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mjs1
01-17-2004, 09:51 PM
Hello all!

I'm new to PrMan and i have a question regarding displacing a surface that has hair geometry atteched to it.

Say you have a short-furred character like a lion that is displaced for features such as veins, tendons, etc. That means displaced geometry only exists within the current bucket x/y dimensions. With hair you will have strands that originate above, below, and to the sides of the current bucket that may be visible within the current bucket. If the geometry for the offscreen-originated strands is not displaced since it's not in the currently active bucket, how do the hair strands match up between bucket borders?

I imagine shadows might have a similar issue. If you had a long vein running across many buckets you might get shadow inconsistencies. How does PrMan handle this?

Currently I'm only aware of being able to alter bucket size. The larger the bucket size the less efficient the on-the-fly displacement becomes.

gga
01-18-2004, 10:41 AM
Originally posted by faceForward
Hello all!

I'm new to PrMan and i have a question regarding displacing a surface that has hair geometry atteched to it.

the geometry for the offscreen-originated strands is not displaced since it's not in the currently active bucket, how do the hair strands match up between bucket borders?


Simple. Prman does not create hair from displaced surfaces (or from any surface, for that matter).
It is up to the RIB translator (mtor, houdini, etc) to place each hair strand appropiately. Most likely, the translator does not bother about the displacements, and just grows hairs from the non-displaced object surface.


I imagine shadows might have a similar issue. If you had a long vein running across many buckets you might get shadow inconsistencies. How does PrMan handle this?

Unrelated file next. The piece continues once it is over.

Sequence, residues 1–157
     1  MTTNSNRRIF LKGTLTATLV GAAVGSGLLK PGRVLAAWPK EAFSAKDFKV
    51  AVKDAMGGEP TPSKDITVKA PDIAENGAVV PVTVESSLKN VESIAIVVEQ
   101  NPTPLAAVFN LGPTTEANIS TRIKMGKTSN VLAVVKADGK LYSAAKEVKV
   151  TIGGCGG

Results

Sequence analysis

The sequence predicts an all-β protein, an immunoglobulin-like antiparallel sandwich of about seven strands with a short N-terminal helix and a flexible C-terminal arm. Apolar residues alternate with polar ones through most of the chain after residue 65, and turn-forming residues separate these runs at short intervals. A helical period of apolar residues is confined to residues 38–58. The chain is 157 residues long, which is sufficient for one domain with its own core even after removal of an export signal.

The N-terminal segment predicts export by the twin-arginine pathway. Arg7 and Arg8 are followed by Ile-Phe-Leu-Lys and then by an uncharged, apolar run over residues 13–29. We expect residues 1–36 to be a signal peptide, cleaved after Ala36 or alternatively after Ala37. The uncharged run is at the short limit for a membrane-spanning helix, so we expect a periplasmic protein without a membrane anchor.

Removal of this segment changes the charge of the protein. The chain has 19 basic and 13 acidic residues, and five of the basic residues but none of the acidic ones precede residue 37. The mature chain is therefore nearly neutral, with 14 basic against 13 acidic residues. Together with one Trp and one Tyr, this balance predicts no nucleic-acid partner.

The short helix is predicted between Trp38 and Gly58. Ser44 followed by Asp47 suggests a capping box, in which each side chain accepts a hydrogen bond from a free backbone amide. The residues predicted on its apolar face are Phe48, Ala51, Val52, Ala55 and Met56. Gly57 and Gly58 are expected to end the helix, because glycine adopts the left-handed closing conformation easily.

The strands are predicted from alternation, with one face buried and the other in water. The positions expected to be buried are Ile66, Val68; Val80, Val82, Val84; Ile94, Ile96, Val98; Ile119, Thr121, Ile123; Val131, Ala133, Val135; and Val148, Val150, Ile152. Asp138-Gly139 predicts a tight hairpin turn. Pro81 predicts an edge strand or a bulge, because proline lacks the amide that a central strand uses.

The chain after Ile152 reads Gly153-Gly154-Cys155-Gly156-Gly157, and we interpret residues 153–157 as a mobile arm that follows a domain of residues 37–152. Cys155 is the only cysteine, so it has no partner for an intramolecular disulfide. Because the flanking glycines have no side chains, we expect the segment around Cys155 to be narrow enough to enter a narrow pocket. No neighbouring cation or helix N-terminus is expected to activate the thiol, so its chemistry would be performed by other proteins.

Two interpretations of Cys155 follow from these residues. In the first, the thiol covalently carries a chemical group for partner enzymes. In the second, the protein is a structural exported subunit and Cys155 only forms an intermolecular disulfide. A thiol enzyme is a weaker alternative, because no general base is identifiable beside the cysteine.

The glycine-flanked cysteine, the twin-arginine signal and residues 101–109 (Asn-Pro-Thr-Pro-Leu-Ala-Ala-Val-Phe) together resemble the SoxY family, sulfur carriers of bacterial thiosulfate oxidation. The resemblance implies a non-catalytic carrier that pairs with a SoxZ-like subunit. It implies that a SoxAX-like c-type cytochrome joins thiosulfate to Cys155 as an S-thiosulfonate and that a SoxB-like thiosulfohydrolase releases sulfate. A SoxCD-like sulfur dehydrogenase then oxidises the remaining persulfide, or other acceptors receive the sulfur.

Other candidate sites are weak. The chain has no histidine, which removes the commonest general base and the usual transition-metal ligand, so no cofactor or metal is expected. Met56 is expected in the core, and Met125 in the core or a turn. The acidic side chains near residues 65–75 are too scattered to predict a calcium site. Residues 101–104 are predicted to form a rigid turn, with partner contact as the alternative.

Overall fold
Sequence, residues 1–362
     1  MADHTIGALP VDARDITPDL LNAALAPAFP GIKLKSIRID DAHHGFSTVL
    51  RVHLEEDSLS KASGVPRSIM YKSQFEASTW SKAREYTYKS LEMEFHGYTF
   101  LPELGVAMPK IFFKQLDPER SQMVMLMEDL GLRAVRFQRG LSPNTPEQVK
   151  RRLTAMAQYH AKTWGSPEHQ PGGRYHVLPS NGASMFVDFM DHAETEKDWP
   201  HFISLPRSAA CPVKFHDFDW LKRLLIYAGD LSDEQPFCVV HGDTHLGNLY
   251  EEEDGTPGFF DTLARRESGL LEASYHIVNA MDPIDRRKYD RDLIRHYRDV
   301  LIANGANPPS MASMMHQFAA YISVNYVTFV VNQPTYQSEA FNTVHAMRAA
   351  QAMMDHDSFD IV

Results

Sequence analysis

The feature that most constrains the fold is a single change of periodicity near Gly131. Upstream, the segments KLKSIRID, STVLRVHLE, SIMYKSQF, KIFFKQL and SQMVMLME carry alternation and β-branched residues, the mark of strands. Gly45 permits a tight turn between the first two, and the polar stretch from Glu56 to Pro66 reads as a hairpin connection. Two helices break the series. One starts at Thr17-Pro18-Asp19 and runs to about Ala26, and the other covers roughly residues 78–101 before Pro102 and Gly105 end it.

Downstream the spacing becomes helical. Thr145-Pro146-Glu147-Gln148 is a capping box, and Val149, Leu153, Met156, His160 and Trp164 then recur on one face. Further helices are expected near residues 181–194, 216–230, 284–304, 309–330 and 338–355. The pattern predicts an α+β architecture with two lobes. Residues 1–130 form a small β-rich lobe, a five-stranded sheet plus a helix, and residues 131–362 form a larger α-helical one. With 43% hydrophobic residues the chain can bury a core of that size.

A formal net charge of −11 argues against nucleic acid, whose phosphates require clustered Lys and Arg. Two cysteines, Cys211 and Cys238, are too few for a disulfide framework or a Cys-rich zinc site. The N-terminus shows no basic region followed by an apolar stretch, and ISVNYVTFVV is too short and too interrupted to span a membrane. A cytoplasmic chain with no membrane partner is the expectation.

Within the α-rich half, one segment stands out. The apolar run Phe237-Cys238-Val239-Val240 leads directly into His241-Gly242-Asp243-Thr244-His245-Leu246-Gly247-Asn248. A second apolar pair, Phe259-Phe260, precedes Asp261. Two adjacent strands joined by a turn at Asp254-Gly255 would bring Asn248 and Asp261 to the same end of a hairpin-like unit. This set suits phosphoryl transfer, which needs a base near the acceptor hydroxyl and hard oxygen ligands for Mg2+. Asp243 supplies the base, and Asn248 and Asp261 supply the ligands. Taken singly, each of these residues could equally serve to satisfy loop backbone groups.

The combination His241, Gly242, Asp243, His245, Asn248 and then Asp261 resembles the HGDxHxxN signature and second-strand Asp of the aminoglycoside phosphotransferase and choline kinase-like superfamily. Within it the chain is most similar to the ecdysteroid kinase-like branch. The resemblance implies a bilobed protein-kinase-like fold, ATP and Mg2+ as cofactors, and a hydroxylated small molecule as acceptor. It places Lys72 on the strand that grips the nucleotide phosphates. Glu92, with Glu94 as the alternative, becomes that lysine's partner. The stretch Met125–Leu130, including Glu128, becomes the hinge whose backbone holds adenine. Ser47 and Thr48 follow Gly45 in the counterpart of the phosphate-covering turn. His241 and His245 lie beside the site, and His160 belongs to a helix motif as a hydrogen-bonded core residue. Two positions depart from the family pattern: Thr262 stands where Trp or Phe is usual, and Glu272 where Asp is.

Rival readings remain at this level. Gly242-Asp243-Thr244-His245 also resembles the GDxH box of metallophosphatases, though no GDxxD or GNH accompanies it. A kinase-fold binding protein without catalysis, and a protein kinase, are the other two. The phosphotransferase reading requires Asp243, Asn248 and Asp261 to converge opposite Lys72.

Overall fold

[/B]

Using shadow maps, mainly. Shadows are generated as a prepass, taking into accout what each light sees, not what the camera sees, so whether the object is in view is no problem. You can, however, get small tesselation and floating point discrepancies between the light view and the camera view due to the size of your shadow map. This can lead to the usual artifacts of shadow maps (bias issues, lack of detail, too blurry, etc.). In practice, with decent settings, this is rarely a problem for most scenes.
When dealing with raytracing (like traced shadows), prman keeps two tesselations, both done in a view dependent manner (one for what the camera sees and one for what each ray sees, basically). You can find more info about that in the recent paper of Julian Fong, Per Christiansen and Dana Batali (available on Christiansen's web site).

playmesumch00ns
01-19-2004, 03:17 PM
What's the website address? Google doesn't turn up anything of interest

gga
01-19-2004, 04:26 PM
No surprise, as I mispelled Christensen's last name :)

http://www.seanet.com/~myandper/abstract/eg03.htm

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